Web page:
Music News Digest, Oct. 16, 2019
Neil Young and Crazy Horse have a new album and film coming, Stephen Harper advises Beatdapp, and Corin Raymond's next record includes a book. Also in the news are Schmoozefest, Myles Goodwyn,(pictured) Michael Wekerle's Elmo, Rock & Roll Hall of Fame nominees, Marcia Chum, AJungi, Zachary Lucky , Rich Aucoin, and farewell Steve Cash, Pops Chambers, and Jay Frank.
By FYI Staff
Neil Young has announced that a new film featuring Crazy Horse, Mountaintop, is coming to North American theatres on Oct. 22, and the rest of the world on Nov. 18. In select markets, ticket admission includes a copy of Colorado, the upcoming album from Neil Young and Crazy Horse. For a full list of theatres, visit MountainTopTheMovie.Com
– Toronto music biz types need to mark Dec. 9 in their calendars. That is the date for the Unison Holiday Schmoozefest, viewed as the industry's best holiday party. A new venue is in place this year, The Liberty Grand. DJ Brendan Canning (Broken Social Scene) returns, and great food, drink and schmoozing are promised. Get your early bird tickets here, before Nov. 9. Proceeds to the Unison Benevolent Fund.
– A Vancouver music-tilted blockchain startup has added Stephen Harper to its advisory board, hoping the former prime minister can give it a little help with its expansion plans, reports The Globe and Mail. Canada’s 22nd prime minister was announced on Tuesday as a member of the advisory board of Beatdapp Software Inc. The company promises to find up to 15 percent more royalties for songs that might be left out of routine song-play calculations.
– Corin Raymond has signed off on what he’s calling his first book: a 264-page CD package that accompanies his 10-song, Scott Nolan-produced Dirty Mansions album that has its official release on Oct. 25. A teaser video for Hamilton –– the first public-share of an album track –– can be viewed below and pre-order and pricing online here.
– Myles Goodwyn has released Friends of the Blues 2 album through Linus that includes a cast of notables. The final track, Even Singing Cowboys Get the Blues, is dedicated to “the memory of my dear friend, song man Ralph Murphy,” who, of course, produced April Wine’s first three albums and the breakthrough hit, You Could Have Been A Lady.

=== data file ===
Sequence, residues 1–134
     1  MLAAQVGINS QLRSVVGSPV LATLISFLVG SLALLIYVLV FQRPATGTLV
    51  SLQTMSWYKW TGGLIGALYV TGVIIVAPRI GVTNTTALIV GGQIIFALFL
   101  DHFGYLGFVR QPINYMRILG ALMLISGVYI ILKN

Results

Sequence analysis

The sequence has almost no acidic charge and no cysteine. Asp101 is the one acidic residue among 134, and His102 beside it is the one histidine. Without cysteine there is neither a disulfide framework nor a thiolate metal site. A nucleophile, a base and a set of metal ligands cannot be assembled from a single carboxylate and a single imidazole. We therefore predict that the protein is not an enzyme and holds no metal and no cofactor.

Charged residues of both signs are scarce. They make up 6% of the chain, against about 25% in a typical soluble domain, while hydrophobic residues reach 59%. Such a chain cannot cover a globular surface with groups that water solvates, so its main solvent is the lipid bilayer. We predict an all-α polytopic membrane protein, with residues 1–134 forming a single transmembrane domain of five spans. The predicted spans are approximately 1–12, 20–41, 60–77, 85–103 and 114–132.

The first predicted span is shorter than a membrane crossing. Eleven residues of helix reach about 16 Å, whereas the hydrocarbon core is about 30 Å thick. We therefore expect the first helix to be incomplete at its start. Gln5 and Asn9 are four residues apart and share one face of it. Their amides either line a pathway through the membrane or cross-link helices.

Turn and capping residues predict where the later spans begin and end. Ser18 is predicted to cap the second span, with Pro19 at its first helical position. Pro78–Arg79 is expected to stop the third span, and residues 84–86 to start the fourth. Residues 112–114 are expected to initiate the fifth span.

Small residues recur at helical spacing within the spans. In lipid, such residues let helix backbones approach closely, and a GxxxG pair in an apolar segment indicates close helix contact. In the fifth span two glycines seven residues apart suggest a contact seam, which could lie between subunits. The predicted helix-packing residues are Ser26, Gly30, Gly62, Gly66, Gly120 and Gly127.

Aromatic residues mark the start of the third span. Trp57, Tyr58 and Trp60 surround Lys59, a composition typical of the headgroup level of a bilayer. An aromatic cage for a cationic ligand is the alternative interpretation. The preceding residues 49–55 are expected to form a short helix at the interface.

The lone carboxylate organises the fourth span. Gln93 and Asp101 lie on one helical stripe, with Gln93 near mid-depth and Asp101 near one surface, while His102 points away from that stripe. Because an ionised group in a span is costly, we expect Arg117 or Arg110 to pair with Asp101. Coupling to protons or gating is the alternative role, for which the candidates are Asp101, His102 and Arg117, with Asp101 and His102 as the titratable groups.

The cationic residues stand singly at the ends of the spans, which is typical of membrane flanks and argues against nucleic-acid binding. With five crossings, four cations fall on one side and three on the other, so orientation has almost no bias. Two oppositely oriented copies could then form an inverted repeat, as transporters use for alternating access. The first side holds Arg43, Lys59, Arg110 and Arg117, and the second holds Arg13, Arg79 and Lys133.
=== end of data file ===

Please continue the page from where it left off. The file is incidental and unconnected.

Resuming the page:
– A soft opening for the El Mocambo is likely in November as millionaire investment banker and former Dragon’s Den star Michael Wekerle comes closer to the finish line in winning approvals from various departments at City Hall. It was a year ago Nov. that media massed outside the Spadina Ave. club to hear speeches from Mayor John Tory and Wekerle about the importance of live music in the city-but even having the ear of City Hall’s Top Gun hasn’t appeared to expedite the process of green-lighting the venue that is rumoured to have cost the colourful Bay St. bad boy $17M+. The big-ticket cost includes $4M to buy the property. Everything else is refurbishments. The new Elmo is said to have two sound-proofed stages with an overall capacity of 1100.
– Nunavut collective AJungi has recorded 19 artists in 12 communities with an album release on the Iqaluit-based Hitmakerz label set for Nov. 22 (pre-orders on the 5th) with proceeds set to help create opportunities for Nunavummiuts. According to a release, four in ten in the territory are on some form of government assistance. Funding for the project was provided by the Government of Nunavut and the Qikiqtani Inuit Assoc.
– Let the arguments begin! Inductee nominees for the 2020 Rock & Roll Hall of Fame (TBA in Jan.) comprise Pat Benatar, Dave Matthews Band, Depeche Mode, The Doobie Brothers, Whitney Houston, Judas Priest, Kraftwerk, MC5, Motörhead, Nine Inch Nails, The Notorious B.I.G., Rufus featuring Chaka Khan, Todd Rundgren, Soundgarden, T.Rex, and Thin Lizzy.